Has the arrival of spring ever seemed so overdue? Renewal! Longer days and warmer nights! This would normally be the long-awaited start of peak season for home buyers looking to purchase their first abode or trade up into a larger residence. But if we’ve learned anything since the start of the pandemic, it’s that the current housing market is anything but normal.
Unlike the traditional slow-and-steady ramp-up, the 2021 market is already moving at full throttle. And as you may have heard, home prices are continuing to go up. And up.
The backstory: Being trapped indoors because of COVID-19 forced people to rethink how and where they lived. And record-low mortgage rates have made the prospect of homeownership more affordable. So buyers rushed the market. That increase in demand, coupled with rock-bottom inventory as sellers worried about contracting the virus pulled their houses off of the market, led to home prices rising at a breakneck pace for much of last year. (Winter lull? What winter lull?) Median list prices jumped 16% in March compared with the same time the previous year, to hit an all-time high of $370,000 nationally.
While prices are rising just about everywhere, they shot up even higher in some of the more desirable—or affordable—metropolitan areas. The realtor.com® data team set out to find the places where home prices are soaring the most. Not surprisingly, smaller cities with more space, fresh air, and abundant outdoor activities are becoming more popular as are other places where buyers can live like royalty even on smaller salaries.
“These metros are a little bit smaller, a little more remote, and that’s what many movers and home buyers looked for during the pandemic,” explains Danielle Hale, chief economist at realtor.com.
Even as more people are vaccinated and some semblance of normalcy returns, high prices are likely to remain—although the pace of increases may decelerate. More listings will help, and higher mortgage rates are likely to have an impact on demand.
“As mortgage rates rise and more homeowners decide to sell this year, I expect home price growth will slow down,” Hale says.
To come up with this list, we averaged the year-over-year change in median list prices on realtor.com for the first three months of 2021, compared with the same period in 2020, in the 300 biggest metropolitan areas. We did not include metro areas that had fewer than 100 listings in March. (Metros include the main city and surrounding towns, suburbs, and smaller urban areas.)
So where have home prices skyrocketed?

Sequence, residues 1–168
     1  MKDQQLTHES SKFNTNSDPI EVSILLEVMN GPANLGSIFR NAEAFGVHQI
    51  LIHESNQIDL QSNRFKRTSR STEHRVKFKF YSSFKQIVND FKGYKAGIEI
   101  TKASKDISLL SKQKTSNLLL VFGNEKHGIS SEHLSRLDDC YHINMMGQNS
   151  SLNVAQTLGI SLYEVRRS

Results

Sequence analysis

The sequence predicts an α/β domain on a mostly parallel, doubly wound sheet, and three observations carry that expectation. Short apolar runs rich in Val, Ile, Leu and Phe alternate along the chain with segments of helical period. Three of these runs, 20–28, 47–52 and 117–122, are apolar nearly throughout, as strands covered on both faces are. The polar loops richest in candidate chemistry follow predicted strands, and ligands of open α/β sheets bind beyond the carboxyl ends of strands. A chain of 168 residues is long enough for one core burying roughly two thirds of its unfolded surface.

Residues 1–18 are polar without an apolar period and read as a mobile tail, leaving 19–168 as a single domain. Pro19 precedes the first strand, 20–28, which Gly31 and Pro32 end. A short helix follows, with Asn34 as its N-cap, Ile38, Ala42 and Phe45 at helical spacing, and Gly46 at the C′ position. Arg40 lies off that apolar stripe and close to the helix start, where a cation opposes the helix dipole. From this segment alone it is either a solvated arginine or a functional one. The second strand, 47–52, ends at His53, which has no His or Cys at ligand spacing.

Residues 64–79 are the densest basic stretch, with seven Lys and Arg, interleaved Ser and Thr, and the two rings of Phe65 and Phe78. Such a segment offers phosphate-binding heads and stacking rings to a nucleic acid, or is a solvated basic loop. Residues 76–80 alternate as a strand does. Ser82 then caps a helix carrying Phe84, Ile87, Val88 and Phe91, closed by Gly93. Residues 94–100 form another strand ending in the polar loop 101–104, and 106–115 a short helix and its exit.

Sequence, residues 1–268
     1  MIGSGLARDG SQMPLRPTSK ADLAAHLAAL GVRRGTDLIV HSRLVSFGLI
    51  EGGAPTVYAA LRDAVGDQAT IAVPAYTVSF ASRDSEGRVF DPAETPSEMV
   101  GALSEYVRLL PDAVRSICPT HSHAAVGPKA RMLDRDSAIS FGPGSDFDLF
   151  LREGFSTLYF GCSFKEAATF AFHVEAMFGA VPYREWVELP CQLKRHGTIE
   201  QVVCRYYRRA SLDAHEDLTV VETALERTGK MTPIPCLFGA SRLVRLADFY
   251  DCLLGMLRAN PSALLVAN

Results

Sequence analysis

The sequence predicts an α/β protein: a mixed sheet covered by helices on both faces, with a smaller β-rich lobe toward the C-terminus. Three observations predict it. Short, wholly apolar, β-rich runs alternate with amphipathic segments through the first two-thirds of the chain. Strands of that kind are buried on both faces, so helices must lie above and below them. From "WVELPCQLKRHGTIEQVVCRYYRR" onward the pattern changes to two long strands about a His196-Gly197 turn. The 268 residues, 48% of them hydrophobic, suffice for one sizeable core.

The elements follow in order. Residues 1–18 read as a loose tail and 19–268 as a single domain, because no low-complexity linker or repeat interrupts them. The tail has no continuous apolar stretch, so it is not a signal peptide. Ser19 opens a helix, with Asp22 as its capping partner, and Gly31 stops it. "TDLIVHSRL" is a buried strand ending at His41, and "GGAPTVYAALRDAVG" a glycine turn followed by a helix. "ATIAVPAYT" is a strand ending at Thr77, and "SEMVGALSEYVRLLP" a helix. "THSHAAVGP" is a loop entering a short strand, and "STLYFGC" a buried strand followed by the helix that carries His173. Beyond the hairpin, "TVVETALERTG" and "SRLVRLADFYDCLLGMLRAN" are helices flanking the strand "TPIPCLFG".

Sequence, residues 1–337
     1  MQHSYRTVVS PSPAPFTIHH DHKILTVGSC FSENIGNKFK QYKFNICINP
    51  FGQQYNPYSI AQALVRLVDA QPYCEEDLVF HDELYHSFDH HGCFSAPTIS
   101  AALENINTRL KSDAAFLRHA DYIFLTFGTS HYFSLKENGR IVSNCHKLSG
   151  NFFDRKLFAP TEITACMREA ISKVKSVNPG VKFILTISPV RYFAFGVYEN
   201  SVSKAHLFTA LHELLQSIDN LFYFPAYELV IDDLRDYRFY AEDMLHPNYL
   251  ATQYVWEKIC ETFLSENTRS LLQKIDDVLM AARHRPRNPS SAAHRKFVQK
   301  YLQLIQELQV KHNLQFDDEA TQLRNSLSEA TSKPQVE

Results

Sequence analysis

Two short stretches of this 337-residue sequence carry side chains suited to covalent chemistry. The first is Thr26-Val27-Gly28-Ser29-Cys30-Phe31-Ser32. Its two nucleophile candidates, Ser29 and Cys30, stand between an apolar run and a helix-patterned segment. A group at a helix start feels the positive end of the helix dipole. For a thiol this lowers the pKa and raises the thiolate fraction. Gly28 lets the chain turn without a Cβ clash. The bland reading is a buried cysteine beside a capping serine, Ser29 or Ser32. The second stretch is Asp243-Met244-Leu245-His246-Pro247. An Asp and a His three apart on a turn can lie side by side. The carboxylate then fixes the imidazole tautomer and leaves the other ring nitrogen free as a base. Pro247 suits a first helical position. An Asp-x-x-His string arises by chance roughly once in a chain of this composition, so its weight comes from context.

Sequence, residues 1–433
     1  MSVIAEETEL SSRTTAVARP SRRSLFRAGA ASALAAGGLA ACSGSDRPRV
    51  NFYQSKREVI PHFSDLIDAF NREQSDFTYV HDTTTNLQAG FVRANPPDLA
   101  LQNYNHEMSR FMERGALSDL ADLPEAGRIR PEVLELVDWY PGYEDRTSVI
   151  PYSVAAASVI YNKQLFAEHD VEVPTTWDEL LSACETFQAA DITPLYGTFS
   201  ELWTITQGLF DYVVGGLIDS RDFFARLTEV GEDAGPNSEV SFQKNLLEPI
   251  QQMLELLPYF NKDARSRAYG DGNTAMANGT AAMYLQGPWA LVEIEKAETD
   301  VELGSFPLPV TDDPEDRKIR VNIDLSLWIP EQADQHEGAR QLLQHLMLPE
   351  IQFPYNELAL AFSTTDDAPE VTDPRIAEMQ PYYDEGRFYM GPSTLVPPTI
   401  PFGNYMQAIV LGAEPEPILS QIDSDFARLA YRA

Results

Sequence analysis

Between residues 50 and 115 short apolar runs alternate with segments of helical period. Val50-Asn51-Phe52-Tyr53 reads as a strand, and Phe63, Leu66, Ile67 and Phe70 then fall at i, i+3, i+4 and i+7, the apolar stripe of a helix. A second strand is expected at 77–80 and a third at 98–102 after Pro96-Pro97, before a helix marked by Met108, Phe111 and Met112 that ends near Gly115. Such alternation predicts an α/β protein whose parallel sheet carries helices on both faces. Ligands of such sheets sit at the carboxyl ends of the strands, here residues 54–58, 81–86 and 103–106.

Median list price in March: $799,000
Median list price change: 82%
Coeur d’Alene recently made the list of realtor.com’s hottest housing markets in February, jumping from the No. 62 spot last year all the way to the top 10. That’s largely due to its (relative) affordability and natural beauty. It’s also become a new haven for celebs like Henry Winkler and Kim Kardashian looking to escape the Los Angeles bustle.
Surrounded by dozens of lakes, this city in northwest Idaho is known for its water sports, especially on the beautiful and massive Lake Coeur d’Alene. Plus, hikers can explore trails in the Coeur d’Alene National Forest and Canfield Mountain.
Pickings are slim in this inventory-squeezed metro, but those looking to make the move can check out some of the new builds, such as this open-plan home with four bedrooms, 3.5 baths, and high-end finishes.
Median list price in March: $2.9 million
Median list price change: 48%
The Santa Maria metro area is an ultraluxury market that includes Santa Barbara and celeb-favorite Montecito. (Hello, Oprah, Harry, and Meghan!) Demand for more space during the pandemic has driven interest in this coastal paradise, especially from high-income folks from larger cities like Los Angeles and San Francisco looking for larger abodes during COVID-19 times.
“I have a lot of clients that are upgrading their homes and looking for more space,” says Jenna Rogers, a financial planner at Mission Wealth in Santa Barbara. “The hot-ticket price range is about $1.6 million to $2.5 million.”
As more buyers scoop up these massive mansions, that’s inflating the overall median price in the Santa Maria metro area. Still, Rogers says that’s not deterring buyers from flooding the market.
People from major cities “want to live somewhere near the ocean with a European lifestyle, where everything is walkable,” she says.
The most prized real estate here, of course, are the homes with a Pacific view, but there are more affordable (relatively speaking) options a bit inland, such as this three-bed, 2.5-bath home with a nice yard and fruit trees galore for $2.4 million.
Median list price in March: $285,000
Median list price change: 43%
Home to the Pocono Mountains, the East Stroudsburg area is a popular vacation destination for New Yorkers and people from nearby New Jersey. The Poconos, as the larger area is called, offers forest trails for hiking, lakes for swimming and boating, as well as ski resorts for the winter months. Those who prefer the indoors can check out the many casinos in the area.
During the pandemic, city dwellers looking for more breathing room and reasonable real estate prices descended on the area, scooping up the few homes that were available. Interest has been nonstop since last summer, and sellers have taken advantage of the action, pricing their homes well above what they would have listed at just a year ago.
There are a surprising number of contemporary homes in this area, including this well-maintained cottage, complete with four bedrooms, two bathrooms, and easy access to Interstate Highway 80.
4. Billings, MT
Median list price in March: $428,500
Median list price change: 41%